Groups ask Putrajaya to let them keep helping the needy, advise against central aid distribution

Yiswaree Palansamy
The groups added that they also did not trust the government to have an exhaustive list of all vulnerable communities in need to assistance. — Picture by Hari Anggara

KUALA LUMPUR, March 29 — Over 120 groups are jointly urging the government to reconsider its move to stop them from sending food to households at risk during the movement control order (MCO).

Putrajaya announced the move yesterday to try and reduce individual movement, directing such groups to send their aid supplies to government departments and agencies that will then redistribute these.

In a statement today, the 127 NGOs said Putrajaya should allow them to continue their work in a safe manner and suggested that the government was underestimating the effort involved.

“We certainly appreciate the gravity of the Covid-19 situation, and are fully committed to assist the government in every possible way to battle Covid-19 and stop the spread of the virus.

“At the same time, we are concerned that there is a lack of appreciation as to just how many vulnerable communities are affected by the movement control order, and are having difficulties accessing basic necessities such as food.

“These communities include the B40, urban and rural poor, Malaysians who have lost their income as a result of the MCO, the elderly, the house bound, the sick, orphans, orang asli, migrant workers, refugee communities, and many, many more,” the organisations said. The groups added that they also did not trust the government to have an exhaustive list of all vulnerable communities in need to assistance, to want to take over serving them immediately.

They added that NGOS were not supplanting the government’s efforts, explaining that the #KitaJagaKita concept trending on social media was also not meant to imply any failure on the government’s part.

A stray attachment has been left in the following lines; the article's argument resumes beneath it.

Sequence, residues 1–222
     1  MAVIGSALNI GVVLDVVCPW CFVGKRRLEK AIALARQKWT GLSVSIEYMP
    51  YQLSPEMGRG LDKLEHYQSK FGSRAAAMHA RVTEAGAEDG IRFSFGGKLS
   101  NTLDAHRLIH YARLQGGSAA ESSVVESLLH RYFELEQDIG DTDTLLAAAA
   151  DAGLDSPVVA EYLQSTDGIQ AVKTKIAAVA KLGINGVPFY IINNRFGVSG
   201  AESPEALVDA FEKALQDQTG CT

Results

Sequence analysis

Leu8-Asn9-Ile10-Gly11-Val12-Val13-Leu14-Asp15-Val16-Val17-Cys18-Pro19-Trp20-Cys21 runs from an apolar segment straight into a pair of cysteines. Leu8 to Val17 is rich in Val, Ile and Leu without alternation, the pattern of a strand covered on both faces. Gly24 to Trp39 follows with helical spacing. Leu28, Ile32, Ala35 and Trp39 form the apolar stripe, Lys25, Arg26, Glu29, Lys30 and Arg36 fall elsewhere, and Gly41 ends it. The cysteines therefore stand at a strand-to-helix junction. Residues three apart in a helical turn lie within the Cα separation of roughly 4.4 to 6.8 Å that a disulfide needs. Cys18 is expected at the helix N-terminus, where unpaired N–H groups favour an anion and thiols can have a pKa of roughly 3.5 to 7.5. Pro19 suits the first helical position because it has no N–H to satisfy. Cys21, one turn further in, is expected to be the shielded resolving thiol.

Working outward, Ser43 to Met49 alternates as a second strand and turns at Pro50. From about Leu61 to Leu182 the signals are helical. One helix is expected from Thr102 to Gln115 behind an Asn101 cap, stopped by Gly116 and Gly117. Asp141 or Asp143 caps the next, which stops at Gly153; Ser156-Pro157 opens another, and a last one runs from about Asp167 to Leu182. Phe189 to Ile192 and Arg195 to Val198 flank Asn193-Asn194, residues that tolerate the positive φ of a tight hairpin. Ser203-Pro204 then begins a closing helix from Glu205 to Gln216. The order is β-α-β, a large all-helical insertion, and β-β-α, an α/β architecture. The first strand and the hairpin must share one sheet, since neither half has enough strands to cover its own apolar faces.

The group said that it was only to highlight the severity of the Covid-19 crisis and the need for society to care for those in need.

“We plead to the government to allow all NGOs that have been distributing food, medicine and other aid to be allowed to continue doing so in a way that is safe and responsible, in full cooperation with the government, and in accordance with the health and safety guidelines of the government.

“We are certain NGOs involved will continue taking every required measure, including the consistent use of hand sanitisers and masks, social distancing, and the minimising of the number of people involved,” they said, adding that everyone must do their part together as a united nation.

Senior Minister Datuk Seri Ismail Sabri Yaakob announced yesterday that groups feeding the poor and homeless during the MCO will be asked to stop and divert their supplies to government agencies that will take over the activities.

Those who used to feed the homeless like soup kitchens and welfare homes have struggled to get food to feed the needy during the MCO.

The senior minister said the move was to minimise individual movement during the MCO as the spread of Covid-19 has yet to abate.

Malaysia recorded another 159 new cases despite being 11 days into the MCO, bringing the country’s total infections to 2,320 with 27 deaths.


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